uietly apologized for his carelessness, and rode over to the side of General Buell. When the lieutenant found he had been addressing or dressing a major-general, his confusion can be imagined. (See frontispiece). After arriving before Fort McAllister, General Sherman sent General Hazen down the right bank of the Ogeechee to take the fort by assault, and himself rode down the left bank to a rice plantation, where General Howard had established a signal station to overlook the river and wawas told to go ahead. Meanwhile, a small United States steamer had been descried coming up the river, and, noticing the party at the rice-mill, the following dialogue between signal flags ensued:-- Who are you? General Sherman. Is Fort McAllister taken? Not yet; but it will-be in a minute. And in a few minutes it was taken, and the fact signalled to the naval officers on the boat, who were not in sight of the fort. During the battle of Gettysburg, or, at least, while Sickl
n, 157-63 Douglas, Stephen A., 15 Draft,68-69,215-16 Dry Tortugas, 156 Eaton, Joseph H., 130 Ellis, George, 51 Ely's Ford, Va., 384 Embler, A. Henry, 266 Emory, William H., 265 Enlisting, 34-42, 198-202 Envelopes (patriotic), 64-65 Everett, Edward, 16 Executions, 157-63 Faneuil Hall, 31,45 First Bull Run, 27, 251-53,298, 340,356 Flags, 338-40 Foraging, 231-49 Ford, M. F., 264 Fort Hell, 59,385 Fort Independence, 44 Fort Lyon, 255 Fort McAllister, 406 Fort Monroe, 120, 162 Fort Moultrie, 22 Fort Sedgewick, 385 Fort Sumter, 22 Fort Warren, 44-45 Fort Welch, Va., 162 Fredericksburg, 100,237,308, 391 Fremont, John C., 46 French, William H., 307,353 Fresh Pond, Mass., 45 Games, 65-66 Garrison, William L., 20 Geary, John W., 295 Georgetown, 298 Germanna Ford, Va., 317 Gettysburg, 54, 72,239, 259,273, 378,406 Goldsboro, N. C., 264 Grand Army of the Republic, 98, 228,268 Grant, Ulysses S.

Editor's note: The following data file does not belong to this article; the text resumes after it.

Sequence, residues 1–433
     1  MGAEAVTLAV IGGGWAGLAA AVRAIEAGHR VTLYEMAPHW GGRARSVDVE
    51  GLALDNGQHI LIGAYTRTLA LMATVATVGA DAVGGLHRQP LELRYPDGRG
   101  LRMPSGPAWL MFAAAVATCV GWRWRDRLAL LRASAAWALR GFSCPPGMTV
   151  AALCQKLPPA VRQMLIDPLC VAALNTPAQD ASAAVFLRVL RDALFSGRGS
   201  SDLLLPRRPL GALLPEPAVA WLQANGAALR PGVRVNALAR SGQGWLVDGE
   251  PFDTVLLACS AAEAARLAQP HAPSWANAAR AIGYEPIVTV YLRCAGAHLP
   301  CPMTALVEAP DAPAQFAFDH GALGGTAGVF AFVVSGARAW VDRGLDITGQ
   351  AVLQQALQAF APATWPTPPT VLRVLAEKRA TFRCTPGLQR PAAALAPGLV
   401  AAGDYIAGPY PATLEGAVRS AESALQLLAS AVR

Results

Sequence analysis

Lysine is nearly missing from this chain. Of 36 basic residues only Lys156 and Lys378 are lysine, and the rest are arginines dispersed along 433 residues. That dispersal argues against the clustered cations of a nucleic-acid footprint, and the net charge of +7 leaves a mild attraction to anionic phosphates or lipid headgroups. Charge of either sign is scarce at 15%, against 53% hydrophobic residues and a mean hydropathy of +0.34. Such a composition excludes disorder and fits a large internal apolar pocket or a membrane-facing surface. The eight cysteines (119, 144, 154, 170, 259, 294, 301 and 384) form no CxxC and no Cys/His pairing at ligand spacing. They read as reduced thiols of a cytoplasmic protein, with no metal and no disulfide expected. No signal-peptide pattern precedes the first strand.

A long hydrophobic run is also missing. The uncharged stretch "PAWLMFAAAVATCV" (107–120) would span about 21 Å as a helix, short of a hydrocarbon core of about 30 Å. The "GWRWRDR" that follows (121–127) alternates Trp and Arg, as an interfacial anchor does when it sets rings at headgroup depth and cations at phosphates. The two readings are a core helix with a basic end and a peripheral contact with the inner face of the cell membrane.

Robert Underwood Johnson, Clarence Clough Buell, Battles and Leaders of the Civil War: The Opening Battles. Volume 1., The capture of Fort Donelson. (search)
ranch of Hickman's Creek near James Crisp's House — the left of General C. F. Smith's line. From a photograph taken in 1884. he should have made the effort. Pillow had discharged his duty well. With the disappearance of W. H. L. Wallace's brigade, it only remained for the victor to deploy his regiments into column and march into the country. The road was his. Buckner was in position to protect Colonel head's withdrawal from the trenches opposite General Smith on the right; that done McAllister's Battery in action. Captain Edward McAllister's Illinois Battery did good service on the 13th. In his report he describes the manner of working the Battery: I selected a point, and about noon opened on the four-gun Battery [see map, page 402] through an opening in which I could see the foe. Our fire was promptly returned with such precision that they cut our right wheel on howitzer number three in two. I had no spare wheel, and had to take one off the limber to continue the fight. I
Ulysses S. Grant, Personal Memoirs of U. S. Grant, The campaign in Georgia-Sherman's March to the sea-war anecdotes-the March on Savannah- investment of Savannah-capture of Savannah (search)